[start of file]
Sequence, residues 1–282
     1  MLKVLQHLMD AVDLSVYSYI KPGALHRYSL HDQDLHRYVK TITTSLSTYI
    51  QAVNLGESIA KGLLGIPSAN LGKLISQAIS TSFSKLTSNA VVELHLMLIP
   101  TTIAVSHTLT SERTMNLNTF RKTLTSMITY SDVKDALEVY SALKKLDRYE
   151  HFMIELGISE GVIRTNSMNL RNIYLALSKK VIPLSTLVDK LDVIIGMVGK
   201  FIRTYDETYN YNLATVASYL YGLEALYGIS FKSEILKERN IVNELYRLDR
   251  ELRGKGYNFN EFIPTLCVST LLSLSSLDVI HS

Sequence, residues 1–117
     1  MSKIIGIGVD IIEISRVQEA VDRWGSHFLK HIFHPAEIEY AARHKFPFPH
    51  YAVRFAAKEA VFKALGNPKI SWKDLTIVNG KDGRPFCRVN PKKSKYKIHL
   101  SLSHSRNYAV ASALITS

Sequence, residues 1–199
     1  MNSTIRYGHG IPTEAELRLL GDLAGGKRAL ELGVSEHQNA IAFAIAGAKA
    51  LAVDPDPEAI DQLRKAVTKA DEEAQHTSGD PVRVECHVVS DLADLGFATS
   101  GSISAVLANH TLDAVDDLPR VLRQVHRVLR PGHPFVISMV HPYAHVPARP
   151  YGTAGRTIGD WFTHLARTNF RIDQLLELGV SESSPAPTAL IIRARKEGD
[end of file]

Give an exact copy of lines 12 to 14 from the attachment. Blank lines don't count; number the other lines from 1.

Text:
Sequence, residues 1–199
     1  MNSTIRYGHG IPTEAELRLL GDLAGGKRAL ELGVSEHQNA IAFAIAGAKA
    51  LAVDPDPEAI DQLRKAVTKA DEEAQHTSGD PVRVECHVVS DLADLGFATS